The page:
Issue #157 - Finding the Optimal Vocabulary

Akshai Ramesh
18 Nov 2021
7 minute read
Issue #157 - Finding the Optimal Vocabulary

Vocabulary Learning via Optimal Transport for Neural Machine Translation 


Neural machine translation (NMT) models typically operate with a fixed vocabulary and address the open vocabulary problem with the help of subword segmentation algorithms (Sennrich et al., 2016; Kudo and Richardson, 2018; Provilkov et al., 2020) that allow a word to be represented as a sequence of characters, if necessary. Despite promising results, most existing subword approaches only consider frequency while the effects of vocabulary size are neglected. In today’s blog post, we will take a look at the work of Xu et al. (2021) who propose a simple and lightweight solution to generate the optimal vocabulary. One way to find the optimal vocabulary is to do full training and testing which is not very efficient and involves high computational costs. To address this problem, the authors propose a VOcabulary Learning approach via optimal Transport (VOLT) that can be used to find a well-performing vocabulary with higher BLEU and smaller size. 

The Approach 

Key factors of vocabulary 

  1. Information Per Char (IPC) - Semantic meanings per char, smaller entropy value is better and helps for the model learning. 
  2. Size - Smaller is better, fewer parameters, less rare tokens. 

Between the 2 factors of vocabulary, an increase in vocabulary size leads to a decrease in cross-entropy which benefits the model learning process. On the other hand, a larger vocabulary may lead to parameter explosion and token sparsity which doesn’t help the model learning. 

An alternative perspective on Vocabulary 

According to the concept of Marginal Utility in economics Samuelson (1937), Marginal Utility is the amount of benefit that we can get from an increase in cost. This factor is used to balance the benefit and the cost. The authors utilize this idea by considering the factors, IPC as benefit and size as the cost, to solve the vocabulary learning problem by making use of Marginal Utility of Vocabularization(MUV) as the optimization objective. 

Definition of Marginal Utility of Vocabularization (MUV)

MUV is defined as the negative derivative of entropy to vocabulary size. In order to maximize MUV, the problem reduces to finding the optimal tradeoff between the entropy and vocabulary size. 

Definition of Marginal Utility of Vacabularization (MUV)

A learning-based solution to maximize MUV - VOLT 

The authors define vocabulary construction as a discrete optimization problem whose target is to find the vocabulary with the highest MUV. Intuitively, this optimization problem can be solved by a series of transport processes that transports the chars into token candidates i.e start from the vocabularies with fixed sizes and search for the optimal vocabulary.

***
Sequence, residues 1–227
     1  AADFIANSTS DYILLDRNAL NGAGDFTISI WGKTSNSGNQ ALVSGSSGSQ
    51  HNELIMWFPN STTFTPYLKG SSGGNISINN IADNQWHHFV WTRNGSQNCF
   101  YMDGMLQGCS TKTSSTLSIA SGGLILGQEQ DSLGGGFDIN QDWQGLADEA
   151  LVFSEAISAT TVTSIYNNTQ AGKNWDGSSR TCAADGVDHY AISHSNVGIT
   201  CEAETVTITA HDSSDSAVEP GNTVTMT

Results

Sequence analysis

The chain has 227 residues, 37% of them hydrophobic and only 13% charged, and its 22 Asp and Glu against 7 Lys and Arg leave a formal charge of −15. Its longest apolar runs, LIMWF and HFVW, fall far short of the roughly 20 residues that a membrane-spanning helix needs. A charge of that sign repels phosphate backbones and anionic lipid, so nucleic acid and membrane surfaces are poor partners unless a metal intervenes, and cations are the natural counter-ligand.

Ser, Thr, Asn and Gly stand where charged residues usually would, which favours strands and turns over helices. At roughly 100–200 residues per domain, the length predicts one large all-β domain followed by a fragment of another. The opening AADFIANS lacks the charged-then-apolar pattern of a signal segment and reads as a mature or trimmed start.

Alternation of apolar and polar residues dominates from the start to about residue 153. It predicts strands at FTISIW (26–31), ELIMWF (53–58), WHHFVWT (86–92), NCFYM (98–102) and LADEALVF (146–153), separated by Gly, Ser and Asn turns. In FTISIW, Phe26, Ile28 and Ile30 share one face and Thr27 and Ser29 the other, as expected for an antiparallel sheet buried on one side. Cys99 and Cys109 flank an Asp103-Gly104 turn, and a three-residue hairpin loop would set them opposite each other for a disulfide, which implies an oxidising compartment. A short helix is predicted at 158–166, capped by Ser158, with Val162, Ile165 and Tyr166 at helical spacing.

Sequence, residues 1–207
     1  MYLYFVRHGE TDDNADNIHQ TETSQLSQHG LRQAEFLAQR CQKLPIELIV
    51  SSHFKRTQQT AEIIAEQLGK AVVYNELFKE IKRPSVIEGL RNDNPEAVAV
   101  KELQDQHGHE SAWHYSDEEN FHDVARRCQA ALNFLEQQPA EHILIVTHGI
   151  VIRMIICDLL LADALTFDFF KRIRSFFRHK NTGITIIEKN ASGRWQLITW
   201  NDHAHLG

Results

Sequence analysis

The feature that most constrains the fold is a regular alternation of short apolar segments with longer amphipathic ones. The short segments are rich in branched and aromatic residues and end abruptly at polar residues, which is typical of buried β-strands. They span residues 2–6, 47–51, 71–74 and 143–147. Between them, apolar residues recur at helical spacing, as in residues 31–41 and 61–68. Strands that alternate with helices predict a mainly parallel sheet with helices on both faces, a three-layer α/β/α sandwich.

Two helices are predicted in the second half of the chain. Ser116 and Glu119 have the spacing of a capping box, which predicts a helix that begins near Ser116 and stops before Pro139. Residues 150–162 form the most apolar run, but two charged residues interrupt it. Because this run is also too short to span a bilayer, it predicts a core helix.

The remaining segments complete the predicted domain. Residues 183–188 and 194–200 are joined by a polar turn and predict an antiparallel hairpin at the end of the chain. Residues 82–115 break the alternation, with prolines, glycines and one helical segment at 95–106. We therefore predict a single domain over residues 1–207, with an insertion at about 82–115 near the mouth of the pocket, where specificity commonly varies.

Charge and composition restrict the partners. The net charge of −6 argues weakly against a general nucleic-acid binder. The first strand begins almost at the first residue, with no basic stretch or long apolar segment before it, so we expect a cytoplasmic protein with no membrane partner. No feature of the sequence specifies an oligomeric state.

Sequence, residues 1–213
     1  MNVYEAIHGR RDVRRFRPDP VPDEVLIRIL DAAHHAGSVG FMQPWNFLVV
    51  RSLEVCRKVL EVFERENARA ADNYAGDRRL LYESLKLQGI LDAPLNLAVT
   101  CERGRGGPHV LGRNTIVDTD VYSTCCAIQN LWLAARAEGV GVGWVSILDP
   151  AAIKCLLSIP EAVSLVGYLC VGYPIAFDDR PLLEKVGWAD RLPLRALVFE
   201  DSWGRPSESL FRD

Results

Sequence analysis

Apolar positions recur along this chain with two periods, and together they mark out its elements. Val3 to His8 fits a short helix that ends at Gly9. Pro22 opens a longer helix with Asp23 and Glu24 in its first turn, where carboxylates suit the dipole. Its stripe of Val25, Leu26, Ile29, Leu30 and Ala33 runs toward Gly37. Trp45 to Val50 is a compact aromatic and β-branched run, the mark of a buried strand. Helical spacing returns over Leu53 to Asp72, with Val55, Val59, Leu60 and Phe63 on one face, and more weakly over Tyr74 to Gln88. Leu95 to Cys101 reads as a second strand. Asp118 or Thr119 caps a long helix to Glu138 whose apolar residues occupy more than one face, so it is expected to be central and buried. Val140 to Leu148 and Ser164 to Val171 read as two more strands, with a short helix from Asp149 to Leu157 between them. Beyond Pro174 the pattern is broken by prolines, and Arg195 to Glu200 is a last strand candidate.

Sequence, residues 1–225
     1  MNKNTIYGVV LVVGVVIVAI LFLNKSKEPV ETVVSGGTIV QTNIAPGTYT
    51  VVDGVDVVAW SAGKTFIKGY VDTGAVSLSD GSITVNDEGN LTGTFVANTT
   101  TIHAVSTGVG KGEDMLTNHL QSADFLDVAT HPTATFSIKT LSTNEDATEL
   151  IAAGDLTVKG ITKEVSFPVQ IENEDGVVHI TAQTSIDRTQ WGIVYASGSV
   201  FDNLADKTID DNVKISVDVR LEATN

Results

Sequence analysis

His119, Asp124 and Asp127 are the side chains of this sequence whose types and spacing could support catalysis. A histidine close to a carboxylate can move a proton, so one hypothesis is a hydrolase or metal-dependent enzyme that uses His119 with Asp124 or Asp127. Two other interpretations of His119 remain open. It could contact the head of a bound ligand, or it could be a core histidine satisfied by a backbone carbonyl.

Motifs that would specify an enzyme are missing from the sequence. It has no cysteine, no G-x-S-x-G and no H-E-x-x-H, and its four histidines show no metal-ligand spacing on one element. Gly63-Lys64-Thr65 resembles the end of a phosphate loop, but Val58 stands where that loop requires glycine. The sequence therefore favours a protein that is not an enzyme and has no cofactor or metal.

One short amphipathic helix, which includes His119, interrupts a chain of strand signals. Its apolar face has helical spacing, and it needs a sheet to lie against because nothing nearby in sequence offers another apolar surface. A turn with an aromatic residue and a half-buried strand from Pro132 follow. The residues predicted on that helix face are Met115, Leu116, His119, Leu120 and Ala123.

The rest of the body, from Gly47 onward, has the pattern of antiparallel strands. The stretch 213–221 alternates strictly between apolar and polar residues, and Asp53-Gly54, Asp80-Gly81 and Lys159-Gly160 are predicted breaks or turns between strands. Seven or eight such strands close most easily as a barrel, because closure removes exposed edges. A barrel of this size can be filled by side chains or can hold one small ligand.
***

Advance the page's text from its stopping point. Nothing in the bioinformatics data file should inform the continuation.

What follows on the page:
Optimal transport is about finding the best-transporting mass from the char distribution to the target token distribution with the minimum work defined by (P, D) where P is the transport matrix, and D is the distance matrix. 

There are 2 steps to find the optimal vocabulary: 

  1. Search for the optimal vocabulary with the highest entropy at each timestep t. 
  2. Enumerating all the timesteps and selecting the vocabulary that has the maximum MUV score. 

An illustration of vocabulary construction from a transport view.

After generating the vocabulary, VOLT uses a greedy strategy to encode the texts similar to BPE. It first splits sentences into character-level tokens and then merges two consecutive tokens into one token if the merged one is already present in the vocabulary. This process is carried out until no more tokens can be merged. This way the Out-of-vocabulary tokens will be split into smaller tokens. 


To evaluate the performance of the proposed approach, the authors conduct experiments on three datasets including WMT-14 English-German translation Ott et al. (2018), TED bilingual translation and TED multilingual translation. The TED data is used from Qi et al. (2018)


  1. To validate the use of MUV as the vocabulary measurement, the authors carry out experiments on 45 language pairs (X-En) from TED data and calculate the spearman correlation score between MUV and BLEU scores. 
  2. Based on the results, it can be inferred that MUI and BLEU are correlated on two-thirds of tasks. Based on the comparison between VOLT and dominantly used BPE-30K setting, VOLT achieves higher BLEU scores across the majority of the language pairs along with a significantly larger size reduction. 
  3. Based on the comparison between VOLT and BPE-1K on an X-to-English bilingual low-resource setting, vocabularies searched by VOLT are on par with heuristically-searched vocabularies in terms of BLEU scores. 
  4. VOLT achieves better BLEU scores than BPE-60K (most popularly used setting) across the majority of the language pairs on Multilingual MT settings. 
  5. Based on comparisons between VOLT and BPE-Search across different vocabulary sizes, VOLT seems to be more efficient in terms of both computing power and time taken. 

In summary 

Xu et al. (2021) make use of the concept of Marginal Utility in economics to define an alternate perspective on vocabulary. They propose a simple and efficient vocabulary search approach - VOLT, to find the optimal vocabulary without the need for trial training. Experiments show that VOLT can effectively find a well-performing vocabulary in diverse settings.